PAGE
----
Bacon-wrapped scallop or a carrot? Why not both?!

As you’re about to dip your lemon square into the chocolate fondue, stop for a moment and contemplate what you’re doing. Yes, it’s going to taste fantastically yummy, and you’ll love every bite. But you’re probably going to feel guilty later, especially if you washed it down with some eggnog and cheesecake. Plus, it’s likely going right to your hips and arteries and, without doubt, will make losing weight come January that much tougher. Guilt is a wonderful thing, isn’t it?

Well, no, actually it isn’t! In fact, placating our guilt is one of the reasons we overindulge, so finding alternative nutritional options and setting achievable goals are critical.

Awareness and compromise are factors within our control. American adults on average gain between two and seven pounds every holiday season. It’s easy to see how with wall-to-wall parties, sweet treats, alcohol consumption, and gatherings with friends, family and co-workers. But nobody’s suggesting you have to starve or deny yourself some enjoyment; moderation and common sense can prevail, and you’ll still have a great time!

Setting the simple goal of trying to maintain your current weight is one easy option. Eating healthy foods every chance you get is another. And turning down desserts or fattening beverages, and substituting healthy alternatives like fruit and veggies, yogurt, water and low-fat alternatives will help. Finding time to walk and exercise, especially in the midst of December chaos, is truly beneficial. And ensuring you get enough sleep, eat at regular intervals and carve out some “me time” will help fight stress, mental fatigue and physical exhaustion.

Here are some basic tips for enjoying yourself at the holidays and for not overindulging:

  • Practice awareness. Be conscious of what you eat and how much. Allow yourself some special treats at the holidays but have moderate servings. When there’s a lot of food available, try appetizer-sized helpings instead of dishing up a full serving. Don’t deprive yourself, but be aware of content and calories. When possible, avoid foods rich in fats, salt, sugar and preservatives. And remember, alcohol reduces your will to practice good eating habits.
  • Be realistic. December is not the best time for weight loss. Try to maintain weight instead of losing it. Keep it all in perspective — you don’t have to indulge every minute from Thanksgiving until the Super Bowl. Allow some treats for those special days, then get back into your healthy routine the next day.
  • Manage stress and emotions. One way to keep stress at a minimum is to lower your expectations about holidays. Ask for help to lighten your holiday schedule. Host a potluck holiday meal instead of cooking dinner. Or serve it buffet style instead of having a sit-down meal. Learn to say “no,” in a courteous manner, to activities and food that aren’t in your best interest. And at social events, don’t fill silence with food. Talk and make new friends, and even if you’re sad, try turning to people for comfort instead of food.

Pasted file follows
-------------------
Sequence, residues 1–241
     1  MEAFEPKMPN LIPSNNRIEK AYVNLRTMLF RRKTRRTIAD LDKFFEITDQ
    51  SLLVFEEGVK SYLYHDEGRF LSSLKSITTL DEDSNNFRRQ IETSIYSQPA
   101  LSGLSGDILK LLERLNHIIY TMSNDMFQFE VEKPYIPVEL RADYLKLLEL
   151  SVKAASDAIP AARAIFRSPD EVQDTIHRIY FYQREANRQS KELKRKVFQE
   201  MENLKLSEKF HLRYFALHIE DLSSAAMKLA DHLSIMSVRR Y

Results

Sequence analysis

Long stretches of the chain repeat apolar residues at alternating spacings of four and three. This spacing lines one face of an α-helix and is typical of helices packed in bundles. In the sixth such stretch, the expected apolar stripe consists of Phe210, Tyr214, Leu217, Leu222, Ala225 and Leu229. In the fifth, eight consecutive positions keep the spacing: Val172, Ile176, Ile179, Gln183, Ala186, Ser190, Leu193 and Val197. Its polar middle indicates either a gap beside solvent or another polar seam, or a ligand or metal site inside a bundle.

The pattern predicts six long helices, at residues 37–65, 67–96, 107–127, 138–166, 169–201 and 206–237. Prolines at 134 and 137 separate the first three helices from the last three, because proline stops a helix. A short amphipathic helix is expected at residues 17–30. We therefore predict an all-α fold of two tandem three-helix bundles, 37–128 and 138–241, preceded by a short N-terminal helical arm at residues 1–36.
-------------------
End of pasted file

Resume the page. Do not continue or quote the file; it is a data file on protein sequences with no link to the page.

• Plan in advance. Eat a little before you go to a holiday gathering — hunger can undo the best intentions. Also, avoid sources of temptation whenever you can. After visiting a buffet, leave the room that’s filled with food. If there are sweets in the office break room, don’t go there. If you’re given unhealthy food as a gift, bring it to the office or to a friend’s house to share. Also, if you’re traveling for the holidays, pick up some healthy, portable snacks before you leave so you’re less likely to be tempted by unhealthy options.
  • Remain physically active. That doesn’t mean running to the store every five minutes — it’s walking on the treadmill, working out at home or at your favorite gym, keeping your yoga appointments, and taking a hike on a mild winter day. Exercise is great for reducing stress and working off some of those extra holiday calories!
  • Make a personal wellness plan. Since January is right around the corner, start thinking now about exercise, nutrition, health and weight goals for the New Year. Make appointments with your physician or a nutritionist. Look for fitness-related classes like spinning, swimming or yoga, or a gym that’s right for you. Write down your goals, post them where you’ll see them every day, and share them with another person.

Most importantly, consider what really matters during this busy time of year, and plan accordingly. Figure out what you absolutely have to do, then let go of the rest. Our overall goal should be trying to maintain a healthy lifestyle both in and outside of the fall and winter feasting season. Constant weight gains and losses can be harmful to our health and our psyches. Balance, moderation, and flexibility are keys to better health…and celebrations are really about family and friends, not food.

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Be sure to check out the CBIA Healthy Connections wellness program at your company’s next renewal. It’s free as part of your participation in CBIA Health Connections!